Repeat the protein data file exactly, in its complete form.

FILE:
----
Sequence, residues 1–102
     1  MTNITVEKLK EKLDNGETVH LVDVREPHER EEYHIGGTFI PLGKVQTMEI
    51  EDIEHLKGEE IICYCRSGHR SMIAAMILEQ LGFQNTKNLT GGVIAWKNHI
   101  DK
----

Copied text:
Sequence, residues 1–102
     1  MTNITVEKLK EKLDNGETVH LVDVREPHER EEYHIGGTFI PLGKVQTMEI
    51  EDIEHLKGEE IICYCRSGHR SMIAAMILEQ LGFQNTKNLT GGVIAWKNHI
   101  DK